I’m a big fan of what Tumblr has done over the past few years, replacing Blogger and Typekit as the go-to platform in the casual blogger market and increasingly nipping at WordPress.com on the low end (see disclosure below).
The approach that David Karp articulated at RoadMap this week, one of elegant simplicity, has certainly resonated amazingly well in the age of the curator, and there’s no doubt that this approach will continue to serve the company well going forward.
And while I also agree with Fred Wilson that Tumblr is NOT the new Geocities, precisely because it has refrained from polluting the pristine simplicity of the typical Tumblr blog with a barrage of advertising, I do think that Tumblr should start to figure out a monetization strategy sooner rather than later.
But there’s no rush to figure things out, because Tumblr is not being threatened by another platform today in the casual blogging space. It has that market locked up. But it needs to look for monetization now, because every year that passes is one in which it may lose potential market opportunity as focused platforms continue to grow and become dominant in their various market niches, potentially stealing upmarket growth opportunity for Tumblr down the road.
Take Shopify and Etsy, both of which have had success filling niches in the low-end ecommerce space. Shopify targets a wide range of small online entrepreneurs looking to sell anything from concert shirts and bike parts to digital goods. Others, like Etsy, are targeting the artisan market. Like Tumblr and WordPress, both platforms have taken a template-based approached to web design, and by creating ways for small entrepreneurs to quickly monetize, they are much more likely to ultimately see a paying subscriber (in my opinion, this is a much more reliable potential revenue model than advertising).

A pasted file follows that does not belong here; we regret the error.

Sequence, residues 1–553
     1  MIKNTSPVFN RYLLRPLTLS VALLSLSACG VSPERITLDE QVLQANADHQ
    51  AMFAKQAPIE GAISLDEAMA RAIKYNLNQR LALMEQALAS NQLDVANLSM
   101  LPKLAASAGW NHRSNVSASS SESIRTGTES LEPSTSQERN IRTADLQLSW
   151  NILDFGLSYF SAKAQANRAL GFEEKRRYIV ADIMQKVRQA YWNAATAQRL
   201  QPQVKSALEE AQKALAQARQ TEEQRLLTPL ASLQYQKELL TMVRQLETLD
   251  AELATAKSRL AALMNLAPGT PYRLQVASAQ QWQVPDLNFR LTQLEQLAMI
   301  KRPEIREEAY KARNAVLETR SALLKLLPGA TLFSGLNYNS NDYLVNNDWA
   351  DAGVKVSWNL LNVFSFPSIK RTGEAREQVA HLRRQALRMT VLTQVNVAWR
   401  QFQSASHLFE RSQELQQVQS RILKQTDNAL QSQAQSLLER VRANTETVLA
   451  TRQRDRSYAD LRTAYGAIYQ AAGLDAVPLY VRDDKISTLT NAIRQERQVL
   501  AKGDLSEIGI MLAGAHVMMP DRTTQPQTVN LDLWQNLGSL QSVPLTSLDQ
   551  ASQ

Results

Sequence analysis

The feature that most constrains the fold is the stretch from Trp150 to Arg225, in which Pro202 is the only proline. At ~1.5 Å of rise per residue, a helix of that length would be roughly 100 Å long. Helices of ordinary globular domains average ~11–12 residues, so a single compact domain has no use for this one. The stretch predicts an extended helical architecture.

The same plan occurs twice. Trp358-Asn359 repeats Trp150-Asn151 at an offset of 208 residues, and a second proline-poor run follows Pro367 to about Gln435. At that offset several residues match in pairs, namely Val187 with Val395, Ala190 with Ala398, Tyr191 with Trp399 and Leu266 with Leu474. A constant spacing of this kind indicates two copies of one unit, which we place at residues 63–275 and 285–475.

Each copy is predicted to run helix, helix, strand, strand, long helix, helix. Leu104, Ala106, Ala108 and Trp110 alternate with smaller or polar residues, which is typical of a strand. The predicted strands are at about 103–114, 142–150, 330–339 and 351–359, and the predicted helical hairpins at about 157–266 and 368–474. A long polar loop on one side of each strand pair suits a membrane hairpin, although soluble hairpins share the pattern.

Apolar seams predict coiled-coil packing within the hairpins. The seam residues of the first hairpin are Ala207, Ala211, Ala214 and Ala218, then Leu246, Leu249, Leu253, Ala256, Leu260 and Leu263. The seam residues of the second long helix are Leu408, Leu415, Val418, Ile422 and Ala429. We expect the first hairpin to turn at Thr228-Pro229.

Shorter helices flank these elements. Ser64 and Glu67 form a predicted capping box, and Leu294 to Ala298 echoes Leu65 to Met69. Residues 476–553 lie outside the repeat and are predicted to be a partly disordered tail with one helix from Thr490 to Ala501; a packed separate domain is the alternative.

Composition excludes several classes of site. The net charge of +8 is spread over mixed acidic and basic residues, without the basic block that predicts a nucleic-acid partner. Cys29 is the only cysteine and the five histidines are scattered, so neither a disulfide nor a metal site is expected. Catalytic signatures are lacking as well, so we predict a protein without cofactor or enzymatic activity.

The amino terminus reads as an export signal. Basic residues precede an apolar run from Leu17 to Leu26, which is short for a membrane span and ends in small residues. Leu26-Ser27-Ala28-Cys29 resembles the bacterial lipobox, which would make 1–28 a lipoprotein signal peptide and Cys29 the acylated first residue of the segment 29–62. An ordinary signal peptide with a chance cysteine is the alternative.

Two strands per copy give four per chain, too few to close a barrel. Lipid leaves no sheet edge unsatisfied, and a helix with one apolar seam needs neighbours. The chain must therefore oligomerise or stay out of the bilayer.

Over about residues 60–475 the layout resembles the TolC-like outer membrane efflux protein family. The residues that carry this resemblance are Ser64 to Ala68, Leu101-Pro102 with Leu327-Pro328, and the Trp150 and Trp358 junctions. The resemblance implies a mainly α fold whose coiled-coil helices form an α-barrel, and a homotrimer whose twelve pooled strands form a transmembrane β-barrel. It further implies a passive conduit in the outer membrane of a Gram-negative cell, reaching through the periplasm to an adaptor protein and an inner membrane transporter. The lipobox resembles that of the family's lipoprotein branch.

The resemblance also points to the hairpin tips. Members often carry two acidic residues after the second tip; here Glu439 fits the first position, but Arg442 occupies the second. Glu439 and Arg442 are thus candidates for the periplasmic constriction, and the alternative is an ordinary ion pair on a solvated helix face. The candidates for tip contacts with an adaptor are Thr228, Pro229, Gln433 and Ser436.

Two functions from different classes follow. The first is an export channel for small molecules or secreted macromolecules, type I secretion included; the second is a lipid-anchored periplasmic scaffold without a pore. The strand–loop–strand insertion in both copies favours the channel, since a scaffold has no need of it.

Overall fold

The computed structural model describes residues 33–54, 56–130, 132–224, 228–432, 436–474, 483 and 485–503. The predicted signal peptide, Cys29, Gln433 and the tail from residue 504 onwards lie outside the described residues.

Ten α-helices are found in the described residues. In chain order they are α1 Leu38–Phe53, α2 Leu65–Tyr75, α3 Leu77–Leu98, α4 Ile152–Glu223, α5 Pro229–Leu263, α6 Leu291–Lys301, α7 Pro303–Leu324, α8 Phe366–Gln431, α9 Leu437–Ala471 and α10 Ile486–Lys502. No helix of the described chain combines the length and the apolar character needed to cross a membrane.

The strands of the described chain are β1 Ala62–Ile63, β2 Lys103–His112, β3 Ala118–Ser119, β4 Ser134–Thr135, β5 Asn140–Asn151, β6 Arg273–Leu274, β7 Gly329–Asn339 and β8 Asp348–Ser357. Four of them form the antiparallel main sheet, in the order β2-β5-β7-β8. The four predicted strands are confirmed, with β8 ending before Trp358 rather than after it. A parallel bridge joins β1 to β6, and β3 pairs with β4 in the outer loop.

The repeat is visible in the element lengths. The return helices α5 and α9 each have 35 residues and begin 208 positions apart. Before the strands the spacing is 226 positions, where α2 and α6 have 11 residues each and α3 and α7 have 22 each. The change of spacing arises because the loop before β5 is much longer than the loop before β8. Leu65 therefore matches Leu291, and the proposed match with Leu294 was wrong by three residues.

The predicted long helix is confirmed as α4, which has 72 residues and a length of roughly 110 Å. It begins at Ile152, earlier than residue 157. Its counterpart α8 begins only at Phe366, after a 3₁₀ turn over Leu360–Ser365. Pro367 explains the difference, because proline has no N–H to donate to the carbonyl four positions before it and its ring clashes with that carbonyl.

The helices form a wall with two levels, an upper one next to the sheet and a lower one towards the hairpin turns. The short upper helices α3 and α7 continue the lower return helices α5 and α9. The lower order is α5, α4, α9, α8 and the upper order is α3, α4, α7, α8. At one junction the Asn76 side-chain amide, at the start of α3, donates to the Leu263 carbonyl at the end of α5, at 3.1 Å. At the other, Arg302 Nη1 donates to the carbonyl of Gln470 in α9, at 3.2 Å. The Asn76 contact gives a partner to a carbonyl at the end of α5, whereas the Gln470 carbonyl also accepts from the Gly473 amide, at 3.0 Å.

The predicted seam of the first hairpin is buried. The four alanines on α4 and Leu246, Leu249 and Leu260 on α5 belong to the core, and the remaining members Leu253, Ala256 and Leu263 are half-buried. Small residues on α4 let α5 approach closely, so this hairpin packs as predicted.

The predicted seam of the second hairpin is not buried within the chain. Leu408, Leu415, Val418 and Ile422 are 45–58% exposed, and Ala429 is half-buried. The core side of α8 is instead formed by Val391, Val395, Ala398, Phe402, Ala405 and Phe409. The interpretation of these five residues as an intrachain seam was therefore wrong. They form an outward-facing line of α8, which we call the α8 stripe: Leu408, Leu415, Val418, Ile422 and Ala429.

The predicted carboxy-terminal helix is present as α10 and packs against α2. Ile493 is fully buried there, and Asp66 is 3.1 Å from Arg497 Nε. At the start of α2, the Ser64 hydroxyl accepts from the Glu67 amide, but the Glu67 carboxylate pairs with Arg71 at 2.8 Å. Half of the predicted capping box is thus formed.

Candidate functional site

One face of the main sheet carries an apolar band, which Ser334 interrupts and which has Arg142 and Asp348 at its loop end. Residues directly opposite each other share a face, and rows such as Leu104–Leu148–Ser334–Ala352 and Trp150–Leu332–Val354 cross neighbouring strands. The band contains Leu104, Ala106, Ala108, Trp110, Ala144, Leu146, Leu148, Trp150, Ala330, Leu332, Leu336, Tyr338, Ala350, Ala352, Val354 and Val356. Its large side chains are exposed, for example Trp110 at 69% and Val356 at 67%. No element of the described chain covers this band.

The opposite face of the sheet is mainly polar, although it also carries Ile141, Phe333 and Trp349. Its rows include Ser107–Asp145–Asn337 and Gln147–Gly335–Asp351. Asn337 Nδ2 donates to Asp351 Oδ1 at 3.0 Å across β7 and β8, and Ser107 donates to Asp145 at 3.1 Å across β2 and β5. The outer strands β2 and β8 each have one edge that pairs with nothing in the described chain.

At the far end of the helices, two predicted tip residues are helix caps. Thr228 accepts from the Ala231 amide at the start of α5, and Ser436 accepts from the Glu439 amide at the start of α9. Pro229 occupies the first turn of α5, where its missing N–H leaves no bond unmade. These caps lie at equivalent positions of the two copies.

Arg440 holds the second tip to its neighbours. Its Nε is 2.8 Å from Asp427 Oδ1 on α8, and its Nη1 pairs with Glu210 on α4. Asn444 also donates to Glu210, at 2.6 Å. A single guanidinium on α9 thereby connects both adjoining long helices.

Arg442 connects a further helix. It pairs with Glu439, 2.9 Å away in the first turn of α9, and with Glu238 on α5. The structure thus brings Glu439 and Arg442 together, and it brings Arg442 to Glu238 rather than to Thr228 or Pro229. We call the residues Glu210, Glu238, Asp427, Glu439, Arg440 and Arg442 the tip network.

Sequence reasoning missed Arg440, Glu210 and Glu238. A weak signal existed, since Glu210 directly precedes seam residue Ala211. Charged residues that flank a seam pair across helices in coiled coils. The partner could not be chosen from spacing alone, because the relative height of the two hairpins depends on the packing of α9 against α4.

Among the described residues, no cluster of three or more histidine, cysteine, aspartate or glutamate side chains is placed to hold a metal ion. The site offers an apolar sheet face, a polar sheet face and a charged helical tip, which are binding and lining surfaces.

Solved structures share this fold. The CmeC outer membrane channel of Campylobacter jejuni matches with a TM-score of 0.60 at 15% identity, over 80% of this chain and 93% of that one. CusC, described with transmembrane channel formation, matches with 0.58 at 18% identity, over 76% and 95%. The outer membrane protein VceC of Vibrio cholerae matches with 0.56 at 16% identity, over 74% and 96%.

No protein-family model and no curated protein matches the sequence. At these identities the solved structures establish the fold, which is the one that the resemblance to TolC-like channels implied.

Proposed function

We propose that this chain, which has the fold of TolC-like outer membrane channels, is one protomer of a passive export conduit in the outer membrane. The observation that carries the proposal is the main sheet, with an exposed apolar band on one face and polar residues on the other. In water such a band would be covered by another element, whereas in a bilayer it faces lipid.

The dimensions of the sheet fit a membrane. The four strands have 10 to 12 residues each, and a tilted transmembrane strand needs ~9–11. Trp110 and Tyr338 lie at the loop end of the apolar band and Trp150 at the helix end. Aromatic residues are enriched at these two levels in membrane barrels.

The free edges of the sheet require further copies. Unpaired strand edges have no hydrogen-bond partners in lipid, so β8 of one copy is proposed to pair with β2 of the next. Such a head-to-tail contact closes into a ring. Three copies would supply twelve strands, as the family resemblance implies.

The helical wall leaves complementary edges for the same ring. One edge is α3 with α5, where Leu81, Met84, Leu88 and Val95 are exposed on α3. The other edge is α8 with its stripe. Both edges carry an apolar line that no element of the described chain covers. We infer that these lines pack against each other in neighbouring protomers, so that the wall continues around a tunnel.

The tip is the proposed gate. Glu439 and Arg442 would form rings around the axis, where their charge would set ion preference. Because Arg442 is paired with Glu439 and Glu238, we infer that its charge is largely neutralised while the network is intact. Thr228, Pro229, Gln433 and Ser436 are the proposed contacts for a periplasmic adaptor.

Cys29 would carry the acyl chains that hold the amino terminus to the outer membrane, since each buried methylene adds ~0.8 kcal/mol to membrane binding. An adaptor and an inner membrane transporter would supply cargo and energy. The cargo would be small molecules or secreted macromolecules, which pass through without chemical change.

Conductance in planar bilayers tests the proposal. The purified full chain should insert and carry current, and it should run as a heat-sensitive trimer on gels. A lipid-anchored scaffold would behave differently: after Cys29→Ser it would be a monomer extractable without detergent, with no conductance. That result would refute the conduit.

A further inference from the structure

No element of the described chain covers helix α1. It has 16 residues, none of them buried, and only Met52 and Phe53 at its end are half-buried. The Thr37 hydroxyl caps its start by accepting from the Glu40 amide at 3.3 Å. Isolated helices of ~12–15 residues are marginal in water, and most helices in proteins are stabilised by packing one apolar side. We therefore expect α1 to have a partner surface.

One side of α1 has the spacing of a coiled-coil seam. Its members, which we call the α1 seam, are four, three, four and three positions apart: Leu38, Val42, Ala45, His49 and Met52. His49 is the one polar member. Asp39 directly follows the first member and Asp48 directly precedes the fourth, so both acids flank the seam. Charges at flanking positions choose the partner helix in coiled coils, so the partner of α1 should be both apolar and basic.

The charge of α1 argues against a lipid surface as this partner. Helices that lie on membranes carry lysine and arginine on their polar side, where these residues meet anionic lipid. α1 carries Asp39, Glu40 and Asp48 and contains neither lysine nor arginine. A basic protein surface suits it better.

Again, I don’t think Tumblr’s biggest threat is being replaced as as the leading casual blogging platform. But by waiting too long it is losing opportunities, particularly in the higher end, as casual users migrate their hobbies into potential businesses online.
Disclosure: Automattic, the parent company of WordPress, is backed by True Ventures, a venture capital firm that is an investor in the parent company of this blog, Giga Omni Media. Om Malik, the founder of Giga Omni Media, is also a venture partner at True.